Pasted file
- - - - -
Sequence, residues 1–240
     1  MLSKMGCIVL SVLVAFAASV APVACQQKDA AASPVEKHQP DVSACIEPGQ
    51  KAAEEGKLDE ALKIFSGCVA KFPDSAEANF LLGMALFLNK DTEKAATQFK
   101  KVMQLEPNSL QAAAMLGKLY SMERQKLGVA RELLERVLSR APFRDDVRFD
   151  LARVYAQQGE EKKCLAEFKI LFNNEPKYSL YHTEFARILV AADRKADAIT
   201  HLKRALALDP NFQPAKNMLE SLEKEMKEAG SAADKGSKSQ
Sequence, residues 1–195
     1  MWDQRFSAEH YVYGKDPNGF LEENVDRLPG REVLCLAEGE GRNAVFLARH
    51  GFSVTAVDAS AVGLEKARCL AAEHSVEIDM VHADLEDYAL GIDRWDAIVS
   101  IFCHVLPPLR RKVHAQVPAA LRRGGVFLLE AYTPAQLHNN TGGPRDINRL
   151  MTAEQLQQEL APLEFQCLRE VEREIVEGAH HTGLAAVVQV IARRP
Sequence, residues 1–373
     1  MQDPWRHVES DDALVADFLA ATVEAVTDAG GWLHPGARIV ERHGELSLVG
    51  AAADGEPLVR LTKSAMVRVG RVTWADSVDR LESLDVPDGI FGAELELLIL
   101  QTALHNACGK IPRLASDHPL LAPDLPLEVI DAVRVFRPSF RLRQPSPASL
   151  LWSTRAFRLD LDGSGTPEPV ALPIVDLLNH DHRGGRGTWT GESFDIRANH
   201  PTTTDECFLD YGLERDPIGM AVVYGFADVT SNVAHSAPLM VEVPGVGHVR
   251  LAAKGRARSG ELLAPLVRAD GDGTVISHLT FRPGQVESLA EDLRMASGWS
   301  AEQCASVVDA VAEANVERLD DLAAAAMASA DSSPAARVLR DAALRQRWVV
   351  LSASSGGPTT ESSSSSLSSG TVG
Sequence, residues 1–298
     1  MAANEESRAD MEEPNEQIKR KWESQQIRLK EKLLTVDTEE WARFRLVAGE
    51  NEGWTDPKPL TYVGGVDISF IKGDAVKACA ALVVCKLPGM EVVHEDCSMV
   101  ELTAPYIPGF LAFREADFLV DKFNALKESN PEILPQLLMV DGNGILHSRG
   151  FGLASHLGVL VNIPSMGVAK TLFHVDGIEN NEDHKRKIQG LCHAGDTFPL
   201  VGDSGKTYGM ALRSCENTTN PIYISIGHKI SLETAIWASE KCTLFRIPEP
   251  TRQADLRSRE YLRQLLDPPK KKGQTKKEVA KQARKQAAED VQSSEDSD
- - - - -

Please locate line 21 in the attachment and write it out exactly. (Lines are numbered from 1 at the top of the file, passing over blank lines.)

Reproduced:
Sequence, residues 1–298